This is my final slide before I show you how this thing actually works. I just want to relate a couple of concepts to corporate identity. By introducing standards based proofing, that NIST 800-063-3 concept, you can establish citizen or corporate identity. So, citizen identity is all your citizen based government credentials, et cetera. Your corporate identity could be your AD or other on prem services.
We all know that due to COVID 19 many new hires will never be coming into the office for the foreseeable future. They're just not going to be exposed or want to take that risk. So now, using these technologies, you can proof them remotely the same way that your HR department used to do it in person. There's no limit to the type of credential you can enroll. The same proofing concepts are also applied to your existing users. So as I mentioned before, your connections to active directory, your physical access control system, or some SSO gateway, et cetera. These credentials are all enrolled one time and then you'll use user certificates going forward to replace the username and the password with identity.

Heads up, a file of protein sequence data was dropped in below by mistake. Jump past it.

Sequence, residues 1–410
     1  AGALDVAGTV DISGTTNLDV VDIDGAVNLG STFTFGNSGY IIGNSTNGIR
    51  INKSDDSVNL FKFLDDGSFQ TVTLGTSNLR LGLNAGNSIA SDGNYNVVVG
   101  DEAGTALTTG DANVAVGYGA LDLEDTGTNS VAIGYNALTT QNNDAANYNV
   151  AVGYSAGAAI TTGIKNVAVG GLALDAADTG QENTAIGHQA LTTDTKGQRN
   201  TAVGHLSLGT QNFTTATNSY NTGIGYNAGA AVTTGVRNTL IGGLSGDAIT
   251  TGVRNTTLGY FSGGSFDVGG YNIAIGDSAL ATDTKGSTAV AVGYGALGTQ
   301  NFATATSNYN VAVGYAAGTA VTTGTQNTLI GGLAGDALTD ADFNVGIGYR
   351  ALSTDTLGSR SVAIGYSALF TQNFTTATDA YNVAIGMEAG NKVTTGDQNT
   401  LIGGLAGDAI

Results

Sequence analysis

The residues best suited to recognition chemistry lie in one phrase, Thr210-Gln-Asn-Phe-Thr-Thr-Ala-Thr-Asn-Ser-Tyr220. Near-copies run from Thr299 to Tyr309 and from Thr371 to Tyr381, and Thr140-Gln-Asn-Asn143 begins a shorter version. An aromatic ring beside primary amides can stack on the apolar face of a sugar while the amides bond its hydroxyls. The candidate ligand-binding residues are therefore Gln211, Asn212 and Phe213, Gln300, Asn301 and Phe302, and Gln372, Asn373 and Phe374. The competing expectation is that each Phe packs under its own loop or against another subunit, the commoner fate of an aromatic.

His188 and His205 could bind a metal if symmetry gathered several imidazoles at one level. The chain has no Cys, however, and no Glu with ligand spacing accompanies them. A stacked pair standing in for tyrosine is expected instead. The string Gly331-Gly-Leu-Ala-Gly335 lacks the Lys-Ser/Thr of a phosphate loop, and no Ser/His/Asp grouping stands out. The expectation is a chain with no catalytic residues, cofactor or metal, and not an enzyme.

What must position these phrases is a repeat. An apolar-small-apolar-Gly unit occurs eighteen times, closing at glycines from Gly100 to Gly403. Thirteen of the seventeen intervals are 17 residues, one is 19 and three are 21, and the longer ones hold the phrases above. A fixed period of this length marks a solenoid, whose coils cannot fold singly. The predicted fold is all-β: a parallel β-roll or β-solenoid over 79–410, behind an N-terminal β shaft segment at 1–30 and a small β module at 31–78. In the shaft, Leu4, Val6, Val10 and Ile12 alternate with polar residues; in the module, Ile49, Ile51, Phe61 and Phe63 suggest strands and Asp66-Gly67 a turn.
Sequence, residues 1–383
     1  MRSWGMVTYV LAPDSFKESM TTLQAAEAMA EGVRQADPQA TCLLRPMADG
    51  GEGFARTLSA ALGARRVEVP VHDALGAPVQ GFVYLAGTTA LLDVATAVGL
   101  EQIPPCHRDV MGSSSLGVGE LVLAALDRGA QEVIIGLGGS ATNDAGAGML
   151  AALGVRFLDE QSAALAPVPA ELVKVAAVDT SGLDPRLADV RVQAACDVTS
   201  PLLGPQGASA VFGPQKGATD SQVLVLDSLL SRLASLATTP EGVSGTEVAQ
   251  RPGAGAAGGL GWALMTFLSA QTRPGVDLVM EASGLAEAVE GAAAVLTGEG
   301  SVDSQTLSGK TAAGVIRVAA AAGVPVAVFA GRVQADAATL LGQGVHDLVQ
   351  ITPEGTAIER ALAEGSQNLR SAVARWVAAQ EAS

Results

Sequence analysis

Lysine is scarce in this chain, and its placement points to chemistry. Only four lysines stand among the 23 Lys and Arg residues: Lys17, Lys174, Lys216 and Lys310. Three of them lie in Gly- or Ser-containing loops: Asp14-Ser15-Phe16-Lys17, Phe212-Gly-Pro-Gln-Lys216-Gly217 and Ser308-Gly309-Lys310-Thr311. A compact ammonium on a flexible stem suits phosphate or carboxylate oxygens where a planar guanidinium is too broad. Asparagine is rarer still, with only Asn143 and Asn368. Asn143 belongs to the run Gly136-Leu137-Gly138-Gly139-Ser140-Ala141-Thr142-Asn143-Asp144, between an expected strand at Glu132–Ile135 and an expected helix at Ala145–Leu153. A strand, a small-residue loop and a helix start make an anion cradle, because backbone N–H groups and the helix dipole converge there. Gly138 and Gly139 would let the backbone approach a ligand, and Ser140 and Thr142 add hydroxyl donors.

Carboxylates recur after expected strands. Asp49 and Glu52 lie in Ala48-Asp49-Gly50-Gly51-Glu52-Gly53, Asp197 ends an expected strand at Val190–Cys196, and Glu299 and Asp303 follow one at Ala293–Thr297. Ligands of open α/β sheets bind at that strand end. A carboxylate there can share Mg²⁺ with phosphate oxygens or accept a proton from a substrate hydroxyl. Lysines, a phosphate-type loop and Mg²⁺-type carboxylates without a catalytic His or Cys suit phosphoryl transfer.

It's really common for an organization to start with the low hanging fruit, such as Windows workstations or remote access, especially in today's remote world for things like VPN and Citrix. Since these are the most touched systems, you can have very measurable ROI in the first few months of a deployment, and you can measure it in the form of time saved per user. It normally takes 22 seconds to log in and a lockout takes 10 minutes to reset. You can also measure it in terms of fewer help desk calls. We have a whole bunch of net promoter score type concepts and real ROI that can be measured in the early days of this.
Enough with the backstory. Let's get you started with a enrollment into a passwordless system and then show you how to actually use the identity to authenticate. All right, so what we're going to see here is our friend getting invited to participate in the passwordless identification system. We are emailing them into their corporate email, a QR code. This QR code is an invitation to install the app. This app could come from the standard app stores that are out there, or it could be an internally-branded and pushed through an internal like MDM type app store through a mobile iron type environment.